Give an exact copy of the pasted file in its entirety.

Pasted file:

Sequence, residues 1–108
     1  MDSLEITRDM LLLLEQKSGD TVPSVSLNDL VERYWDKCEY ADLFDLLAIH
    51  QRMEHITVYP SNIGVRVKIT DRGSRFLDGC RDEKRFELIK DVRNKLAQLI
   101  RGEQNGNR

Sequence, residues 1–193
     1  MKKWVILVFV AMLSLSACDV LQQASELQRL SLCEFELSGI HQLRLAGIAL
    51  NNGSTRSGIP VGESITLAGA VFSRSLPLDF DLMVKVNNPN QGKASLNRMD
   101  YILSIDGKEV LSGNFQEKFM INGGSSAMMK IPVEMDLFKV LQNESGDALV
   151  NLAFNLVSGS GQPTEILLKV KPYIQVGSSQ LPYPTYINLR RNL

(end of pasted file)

Sequence, residues 1–108
     1  MDSLEITRDM LLLLEQKSGD TVPSVSLNDL VERYWDKCEY ADLFDLLAIH
    51  QRMEHITVYP SNIGVRVKIT DRGSRFLDGC RDEKRFELIK DVRNKLAQLI
   101  RGEQNGNR

Sequence, residues 1–193
     1  MKKWVILVFV AMLSLSACDV LQQASELQRL SLCEFELSGI HQLRLAGIAL
    51  NNGSTRSGIP VGESITLAGA VFSRSLPLDF DLMVKVNNPN QGKASLNRMD
   101  YILSIDGKEV LSGNFQEKFM INGGSSAMMK IPVEMDLFKV LQNESGDALV
   151  NLAFNLVSGS GQPTEILLKV KPYIQVGSSQ LPYPTYINLR RNL